Voter registration is the backbone of the American electoral system. Registration problems create barriers to voting and make it difficult for administrators to communicate with voters, identify voters at the polls, and audit elections after the fact. Reforms following the 2000 election sought to improve the accuracy and currency of the voter-registration lists. Most important, all states now have statewide voter files. So how good are the files today?
This summer the Institute for Quantitative Social Sciences at Harvard University and the Caltech/MIT Voting Technology Project issued the first comprehensive, nationwide analysis of the quality of information stored on voter registration lists.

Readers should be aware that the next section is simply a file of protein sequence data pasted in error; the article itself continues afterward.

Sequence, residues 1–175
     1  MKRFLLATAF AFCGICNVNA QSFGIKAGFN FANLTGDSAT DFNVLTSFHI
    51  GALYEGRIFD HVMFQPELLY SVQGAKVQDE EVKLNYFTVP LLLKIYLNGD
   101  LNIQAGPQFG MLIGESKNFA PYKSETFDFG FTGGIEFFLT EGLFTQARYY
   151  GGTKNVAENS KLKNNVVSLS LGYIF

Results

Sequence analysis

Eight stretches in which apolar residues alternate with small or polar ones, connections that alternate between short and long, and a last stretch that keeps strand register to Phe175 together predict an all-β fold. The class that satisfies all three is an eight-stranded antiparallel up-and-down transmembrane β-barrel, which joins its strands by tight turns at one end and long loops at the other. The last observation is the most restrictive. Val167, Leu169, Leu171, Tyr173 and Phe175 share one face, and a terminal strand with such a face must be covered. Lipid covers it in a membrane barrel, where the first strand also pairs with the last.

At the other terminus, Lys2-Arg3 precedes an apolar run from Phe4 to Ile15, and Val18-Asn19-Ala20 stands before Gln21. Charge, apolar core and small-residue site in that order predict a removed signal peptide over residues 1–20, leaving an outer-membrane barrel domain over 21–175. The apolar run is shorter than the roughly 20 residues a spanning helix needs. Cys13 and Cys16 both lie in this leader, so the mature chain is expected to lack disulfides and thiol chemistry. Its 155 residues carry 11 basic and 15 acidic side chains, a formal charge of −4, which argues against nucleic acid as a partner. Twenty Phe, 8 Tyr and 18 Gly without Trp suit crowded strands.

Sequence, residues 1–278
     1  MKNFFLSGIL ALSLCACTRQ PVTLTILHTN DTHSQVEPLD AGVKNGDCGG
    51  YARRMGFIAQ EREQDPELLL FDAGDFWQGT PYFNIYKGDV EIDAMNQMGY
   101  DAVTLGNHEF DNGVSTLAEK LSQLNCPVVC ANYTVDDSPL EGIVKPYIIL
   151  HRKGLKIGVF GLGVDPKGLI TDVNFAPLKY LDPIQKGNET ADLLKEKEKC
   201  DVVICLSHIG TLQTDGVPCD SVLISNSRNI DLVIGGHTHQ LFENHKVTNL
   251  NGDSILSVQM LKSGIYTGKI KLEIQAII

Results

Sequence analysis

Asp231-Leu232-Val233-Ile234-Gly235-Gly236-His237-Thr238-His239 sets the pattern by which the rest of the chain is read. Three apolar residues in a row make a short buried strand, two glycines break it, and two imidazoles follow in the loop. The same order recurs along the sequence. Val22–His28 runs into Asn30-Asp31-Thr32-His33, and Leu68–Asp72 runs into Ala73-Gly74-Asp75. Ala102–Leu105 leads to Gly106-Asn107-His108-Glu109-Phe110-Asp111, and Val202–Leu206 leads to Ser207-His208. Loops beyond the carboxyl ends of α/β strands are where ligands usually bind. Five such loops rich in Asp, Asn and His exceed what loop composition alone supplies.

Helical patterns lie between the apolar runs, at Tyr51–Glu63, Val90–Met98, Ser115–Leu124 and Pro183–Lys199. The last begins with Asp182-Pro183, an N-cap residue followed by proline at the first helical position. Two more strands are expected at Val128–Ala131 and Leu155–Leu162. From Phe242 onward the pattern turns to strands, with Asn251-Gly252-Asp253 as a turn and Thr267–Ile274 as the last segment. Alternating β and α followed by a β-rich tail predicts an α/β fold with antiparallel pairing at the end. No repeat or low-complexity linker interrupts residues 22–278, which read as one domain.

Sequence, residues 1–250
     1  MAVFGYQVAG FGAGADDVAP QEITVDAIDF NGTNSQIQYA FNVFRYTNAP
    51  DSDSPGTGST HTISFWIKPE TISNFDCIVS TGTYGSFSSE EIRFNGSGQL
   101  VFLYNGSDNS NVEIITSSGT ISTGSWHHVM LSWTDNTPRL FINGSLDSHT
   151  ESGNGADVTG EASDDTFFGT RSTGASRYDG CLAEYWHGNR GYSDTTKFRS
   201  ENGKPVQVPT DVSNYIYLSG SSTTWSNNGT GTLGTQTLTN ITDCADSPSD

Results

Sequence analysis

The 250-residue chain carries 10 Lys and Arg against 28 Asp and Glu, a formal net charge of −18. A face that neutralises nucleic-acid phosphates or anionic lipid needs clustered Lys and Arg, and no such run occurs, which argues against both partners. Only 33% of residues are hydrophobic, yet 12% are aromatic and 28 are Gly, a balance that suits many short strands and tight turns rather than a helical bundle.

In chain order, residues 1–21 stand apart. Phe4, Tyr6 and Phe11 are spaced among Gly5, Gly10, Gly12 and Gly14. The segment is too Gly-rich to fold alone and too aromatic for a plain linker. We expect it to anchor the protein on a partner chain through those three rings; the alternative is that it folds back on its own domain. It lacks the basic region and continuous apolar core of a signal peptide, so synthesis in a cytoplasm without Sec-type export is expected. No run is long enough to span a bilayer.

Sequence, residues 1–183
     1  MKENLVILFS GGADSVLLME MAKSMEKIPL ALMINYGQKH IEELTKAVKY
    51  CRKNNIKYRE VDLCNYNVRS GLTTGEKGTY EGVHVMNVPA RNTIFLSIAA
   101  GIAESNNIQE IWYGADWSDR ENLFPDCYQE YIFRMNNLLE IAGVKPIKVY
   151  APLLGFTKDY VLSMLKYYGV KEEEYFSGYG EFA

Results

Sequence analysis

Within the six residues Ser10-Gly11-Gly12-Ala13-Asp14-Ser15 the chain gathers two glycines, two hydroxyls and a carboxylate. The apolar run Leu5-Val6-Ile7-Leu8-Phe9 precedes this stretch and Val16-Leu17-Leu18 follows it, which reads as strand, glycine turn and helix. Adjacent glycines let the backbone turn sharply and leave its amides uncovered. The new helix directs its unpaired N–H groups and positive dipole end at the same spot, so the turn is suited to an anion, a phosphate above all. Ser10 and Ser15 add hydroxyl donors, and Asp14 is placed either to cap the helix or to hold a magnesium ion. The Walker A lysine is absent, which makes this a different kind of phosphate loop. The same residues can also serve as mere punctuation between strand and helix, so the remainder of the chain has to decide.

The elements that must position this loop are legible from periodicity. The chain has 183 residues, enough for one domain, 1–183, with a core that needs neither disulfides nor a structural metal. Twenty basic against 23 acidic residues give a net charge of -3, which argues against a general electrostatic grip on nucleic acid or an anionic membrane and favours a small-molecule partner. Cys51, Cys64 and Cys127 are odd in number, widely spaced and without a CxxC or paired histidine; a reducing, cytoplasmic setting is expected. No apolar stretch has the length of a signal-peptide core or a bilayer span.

The graph below shows the results. Based on data compiled by Catalist—a political-data vendor that supports Democrat-leaning organizations but has effectively compiled a national voter registration database without partisan influence—the figure depicts the proportion of registration records that are “unmailable.” Either the registrant has moved or died, or the listed address is invalid.
Nationwide, approximately 1 in 16 entries on the registration lists is unmailable. The magnitude of the problem varies greatly throughout the country. In California, Massachusetts, and Washington, D.C., about 1 in 50 entries is problematic, but in Arkansas, that number is 1 in 5.